Preferred Stock vs. Common Stock: What's the Difference?

But that doesn't mean they aren't, in many cases, a wise investment. When counseling clients, I've often told them that investing should be boring, not exciting. In that regard, preferreds fit the bill.

So what are preferred shares, exactly, and how do they differ from common shares? Here are some factors to consider as you decide whether preferred shares are right for your portfolio:

  • What is preferred stock?
  • Pros and cons of preferred stock.
  • When preferred shares are the better choice.
  • Preferred stock risks vs. rewards.

What Is Preferred Stock?

As the name implies, preferred stock is a form of equity, but it gives investors a higher claim on a company's assets and earnings compared with common stock. That means in case of bankruptcy or liquidation, preferred shareholders are behind bondholders in terms of who gets paid first. But they're ahead of common shareholders, who are taking the most risk.

Preferred shareholders are also entitled to a fixed dividend payment that must be paid before any dividends are paid to common shareholders.

But in exchange for that preferential treatment, preferred shareholders typically do not have voting rights, or they may have limited voting rights compared with common shareholders.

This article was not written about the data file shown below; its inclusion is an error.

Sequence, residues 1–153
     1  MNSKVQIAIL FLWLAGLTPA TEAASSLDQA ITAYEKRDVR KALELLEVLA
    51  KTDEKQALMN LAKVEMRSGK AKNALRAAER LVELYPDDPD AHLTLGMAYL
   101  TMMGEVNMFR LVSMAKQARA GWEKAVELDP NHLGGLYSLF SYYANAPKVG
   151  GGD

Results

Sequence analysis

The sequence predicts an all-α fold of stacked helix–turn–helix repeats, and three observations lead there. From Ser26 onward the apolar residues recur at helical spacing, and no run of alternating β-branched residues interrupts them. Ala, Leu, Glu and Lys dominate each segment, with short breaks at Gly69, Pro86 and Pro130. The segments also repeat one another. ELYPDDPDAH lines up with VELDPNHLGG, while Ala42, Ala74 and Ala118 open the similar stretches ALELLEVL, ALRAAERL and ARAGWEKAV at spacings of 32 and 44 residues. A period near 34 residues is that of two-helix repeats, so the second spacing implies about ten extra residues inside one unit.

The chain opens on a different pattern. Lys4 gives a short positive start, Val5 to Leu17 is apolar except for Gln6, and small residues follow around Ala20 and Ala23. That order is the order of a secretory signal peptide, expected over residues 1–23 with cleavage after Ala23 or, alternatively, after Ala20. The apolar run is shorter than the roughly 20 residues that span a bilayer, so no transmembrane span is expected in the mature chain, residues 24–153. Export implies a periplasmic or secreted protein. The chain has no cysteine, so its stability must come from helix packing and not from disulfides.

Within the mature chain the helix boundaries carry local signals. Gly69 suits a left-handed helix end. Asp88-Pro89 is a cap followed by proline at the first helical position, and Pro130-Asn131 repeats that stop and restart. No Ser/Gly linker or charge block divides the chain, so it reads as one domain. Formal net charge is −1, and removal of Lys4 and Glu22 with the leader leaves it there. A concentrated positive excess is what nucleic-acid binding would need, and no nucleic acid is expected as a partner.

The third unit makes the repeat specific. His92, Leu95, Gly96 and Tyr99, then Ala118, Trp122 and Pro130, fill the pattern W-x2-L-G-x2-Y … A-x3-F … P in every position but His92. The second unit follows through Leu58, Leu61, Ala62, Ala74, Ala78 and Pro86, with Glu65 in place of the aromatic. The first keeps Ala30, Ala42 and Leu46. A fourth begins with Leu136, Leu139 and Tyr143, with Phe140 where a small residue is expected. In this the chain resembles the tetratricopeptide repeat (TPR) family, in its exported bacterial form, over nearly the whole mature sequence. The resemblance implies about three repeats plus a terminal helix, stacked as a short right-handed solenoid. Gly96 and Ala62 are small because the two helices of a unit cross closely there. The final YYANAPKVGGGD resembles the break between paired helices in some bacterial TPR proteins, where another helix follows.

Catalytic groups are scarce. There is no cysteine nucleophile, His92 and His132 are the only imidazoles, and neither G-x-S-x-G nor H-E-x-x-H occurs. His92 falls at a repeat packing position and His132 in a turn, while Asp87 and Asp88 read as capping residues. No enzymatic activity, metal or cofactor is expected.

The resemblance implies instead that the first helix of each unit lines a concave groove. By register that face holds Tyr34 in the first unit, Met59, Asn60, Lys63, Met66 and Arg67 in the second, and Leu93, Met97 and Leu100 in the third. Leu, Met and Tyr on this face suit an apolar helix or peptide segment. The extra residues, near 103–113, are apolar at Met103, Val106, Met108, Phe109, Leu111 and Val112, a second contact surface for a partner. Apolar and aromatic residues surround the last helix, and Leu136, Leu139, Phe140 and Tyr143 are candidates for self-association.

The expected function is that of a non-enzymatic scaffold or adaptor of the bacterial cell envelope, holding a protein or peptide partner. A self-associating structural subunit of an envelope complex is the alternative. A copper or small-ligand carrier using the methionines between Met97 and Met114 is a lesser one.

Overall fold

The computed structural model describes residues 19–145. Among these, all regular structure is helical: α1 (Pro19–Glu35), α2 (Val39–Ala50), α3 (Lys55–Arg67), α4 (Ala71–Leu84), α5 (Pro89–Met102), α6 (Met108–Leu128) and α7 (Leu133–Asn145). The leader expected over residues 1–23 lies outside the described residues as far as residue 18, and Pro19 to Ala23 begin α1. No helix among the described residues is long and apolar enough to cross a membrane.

Pros and Cons of Preferred Stock

Unlike common shares, preferred shares have a fixed par value and may be issued with a maturity date or a call date, after which the company can redeem them. They sound a lot like bonds, don't they?

Preferred shares are generally considered to be less volatile than common shares and may be more suitable for investors seeking steady income and capital preservation. They're not ideal vehicles for investors seeking growth, for many of the same reasons bonds aren't appropriate growth investments, with the occasional exception of high-yield bonds.

"They can offer a superior yield to bonds or stock dividends from the same company. We view them as having a seat at the table but only buy them when the value and strength of the issuing company make sense." – Andrew Aran, managing partner at Regency Wealth Management

Preferred shares have a role in generating income, though, which is the name of the game in retirement.

Andrew Aran, managing partner at Regency Wealth Management in Ramsey, New Jersey, says his firm maintains a modest allocation to preferred shares when it sees an advantage.

"They can offer a superior yield to bonds or stock dividends from the same company," he says. "We view them as having a seat at the table but only buy them when the value and strength of the issuing company make sense."

When Preferred Shares Are the Better Choice

Aran describes one client situation where preferreds were clearly the superior choice: In 2009, a client held some noncallable convertible preferred shares that had been issued at rates over 7%. The underlying common stock price had fallen to such a low level that the preferred shares were unlikely to convert to common shares. When that happens, the convertible is termed "busted," as it now functions essentially as a bond.